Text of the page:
As China’s 2012 power transition approaches, politicians and academics are racing to find the theme that will define the country’s direction for the next eight years. The inclinations of Xi Jinping, heir apparent to the presidency, are still unclear, but his recent visit to Chongqing suggests that he’s taking a particular interest in the ‘Red Culture’ policies of municipal Party Secretary Bo Xilai.
Bo is the highest-ranking Party member of the Chongqing Municipal area, an administrative zone four times the size of the US state size of New Jersey. It embraces acity of 10 million, as well as a vast rural hinterland that contains more than 1,200 towns and villages. Over the past few years, Bo has made himself the centre of media attention with eye-catching initiatives such as a ‘red song’ campaign and a ban on advertisements on local TV.
But the significance of Chongqing runs much deeper than socialist gimmicks—Bo has tried to rewrite the social contract of Chongqing with an attack on economic inequality, an expansion of the state role in the economy, and political moves taken straight from Mao Zedong’s playbook.
People often say that politics in China have stood still while the economy has raced ahead. But the placid surface of single-party rule conceals vigorous debate within the Communist Party over China’s future. Policy experimentation at the local level provides fodder for arguments that will determine the shape of Chinese socialism during the next administration and beyond. The approach of the 2012 handover has spurred risings stars like Bo, a Politburo member and likely candidate for promotion to the top-rung Politburo Standing Committee, to jockey for top leaders’ attention with striking new policies.
This conversation doesn’t always move in liberal directions. China’s ‘New Left’ has seized upon Bo’s ideas to argue for a radical shift away from the market-oriented policies of the Reform and Opening period, citing Chongqing as proof that China can combine growth with economic equality in a vision of socialism that looks to a more statist past.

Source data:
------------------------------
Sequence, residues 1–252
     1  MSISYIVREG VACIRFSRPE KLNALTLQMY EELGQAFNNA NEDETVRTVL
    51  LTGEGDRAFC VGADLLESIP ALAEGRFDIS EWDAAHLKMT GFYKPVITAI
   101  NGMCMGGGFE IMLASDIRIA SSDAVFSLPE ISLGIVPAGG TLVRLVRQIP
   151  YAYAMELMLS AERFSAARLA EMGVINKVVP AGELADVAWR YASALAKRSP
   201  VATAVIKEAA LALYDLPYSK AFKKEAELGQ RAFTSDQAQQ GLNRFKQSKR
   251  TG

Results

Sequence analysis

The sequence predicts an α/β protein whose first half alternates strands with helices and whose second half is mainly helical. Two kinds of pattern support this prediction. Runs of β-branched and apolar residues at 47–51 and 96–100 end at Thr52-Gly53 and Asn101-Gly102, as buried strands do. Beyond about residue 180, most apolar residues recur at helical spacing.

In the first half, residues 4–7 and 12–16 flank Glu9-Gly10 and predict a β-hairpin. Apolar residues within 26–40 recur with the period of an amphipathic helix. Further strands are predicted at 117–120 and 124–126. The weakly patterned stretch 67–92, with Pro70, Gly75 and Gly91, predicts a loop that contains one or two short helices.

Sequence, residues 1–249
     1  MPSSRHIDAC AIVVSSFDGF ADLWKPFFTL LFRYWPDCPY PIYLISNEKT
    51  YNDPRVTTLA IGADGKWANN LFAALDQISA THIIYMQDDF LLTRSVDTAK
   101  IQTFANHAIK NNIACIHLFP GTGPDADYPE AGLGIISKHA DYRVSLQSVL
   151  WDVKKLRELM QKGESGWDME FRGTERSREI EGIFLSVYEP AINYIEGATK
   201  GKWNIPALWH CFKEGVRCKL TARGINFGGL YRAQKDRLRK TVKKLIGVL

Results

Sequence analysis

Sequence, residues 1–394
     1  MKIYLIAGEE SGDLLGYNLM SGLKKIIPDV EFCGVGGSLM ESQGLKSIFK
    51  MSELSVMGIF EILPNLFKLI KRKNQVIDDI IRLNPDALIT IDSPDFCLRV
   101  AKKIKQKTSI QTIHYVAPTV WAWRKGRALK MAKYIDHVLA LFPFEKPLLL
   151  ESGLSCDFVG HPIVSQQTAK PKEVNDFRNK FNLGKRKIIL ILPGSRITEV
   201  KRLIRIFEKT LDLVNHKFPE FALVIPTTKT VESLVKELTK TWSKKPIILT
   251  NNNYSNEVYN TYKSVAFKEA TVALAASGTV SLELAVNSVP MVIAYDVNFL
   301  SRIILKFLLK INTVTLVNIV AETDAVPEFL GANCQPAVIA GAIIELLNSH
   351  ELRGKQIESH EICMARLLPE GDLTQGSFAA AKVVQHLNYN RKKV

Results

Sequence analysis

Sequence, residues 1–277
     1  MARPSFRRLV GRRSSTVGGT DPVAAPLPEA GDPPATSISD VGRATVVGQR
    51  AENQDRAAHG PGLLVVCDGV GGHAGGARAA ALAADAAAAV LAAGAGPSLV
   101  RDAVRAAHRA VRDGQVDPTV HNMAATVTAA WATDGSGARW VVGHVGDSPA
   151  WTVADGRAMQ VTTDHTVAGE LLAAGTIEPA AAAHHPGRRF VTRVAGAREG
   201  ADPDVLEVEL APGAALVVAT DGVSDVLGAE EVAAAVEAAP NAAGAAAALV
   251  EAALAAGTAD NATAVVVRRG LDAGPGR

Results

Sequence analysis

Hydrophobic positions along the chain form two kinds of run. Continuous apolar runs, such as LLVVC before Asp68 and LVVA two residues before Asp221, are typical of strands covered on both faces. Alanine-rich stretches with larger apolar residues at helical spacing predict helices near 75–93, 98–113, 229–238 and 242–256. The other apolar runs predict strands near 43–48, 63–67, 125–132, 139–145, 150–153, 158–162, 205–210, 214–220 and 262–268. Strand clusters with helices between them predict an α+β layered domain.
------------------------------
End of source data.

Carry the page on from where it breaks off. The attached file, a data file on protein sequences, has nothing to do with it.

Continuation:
New Left proponents argue that Chongqing’s experience is the beginning of a path for China that will break radically with capitalist reforms begun by Deng Xiaoping.They hope to restore the state as the centre of China’s economic system with a focus on poverty reduction and to revive Maoist political techniques. In doing so, they claim to have a blueprint for a new era in China’s history.
In a political system where slogans matter, coining a new buzzword is a delicate business, and Bo has been careful to tie himself to the history of the Communist Party. ‘Some people say that “Red Culture” is a move to the left,’ Bo said at a 2009 municipal party meeting. ‘In fact, it’s just about serving the people. That’s why the Communist Party was founded.’
Yet leading members of China’s New Left are beginning to look beyond the theme that has defined Chinese politics for the last 30 years.
Wang Shaoguang, a mainland-born professor of political science at the Chinese University of Hong Kong, has labelled this new period ‘Socialism 3.0’ in an unpublished article focusing on Chongqing, casting it as the successor Mao’s radical egalitarianism and Deng’s reform and opening.
Controversial Peking University political scientist Pan Wei, for his part, describes Chongqing as proof that China is moving into a ‘post-reform and opening era,’ returning to the traditional socialist focus on equality. Arguing that the growth-centred policies of recent decades have created an unacceptable gap between rich and poor, he says the time has come for a radical rethinking of Chinese politics—but he isn’t sure the time has come to say so publicly.